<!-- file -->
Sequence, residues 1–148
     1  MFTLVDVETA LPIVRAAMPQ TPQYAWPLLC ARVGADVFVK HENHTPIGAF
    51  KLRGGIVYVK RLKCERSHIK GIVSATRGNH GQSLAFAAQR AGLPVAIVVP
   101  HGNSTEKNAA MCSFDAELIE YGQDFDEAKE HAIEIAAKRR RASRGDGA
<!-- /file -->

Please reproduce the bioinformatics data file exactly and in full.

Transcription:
Sequence, residues 1–148
     1  MFTLVDVETA LPIVRAAMPQ TPQYAWPLLC ARVGADVFVK HENHTPIGAF
    51  KLRGGIVYVK RLKCERSHIK GIVSATRGNH GQSLAFAAQR AGLPVAIVVP
   101  HGNSTEKNAA MCSFDAELIE YGQDFDEAKE HAIEIAAKRR RASRGDGA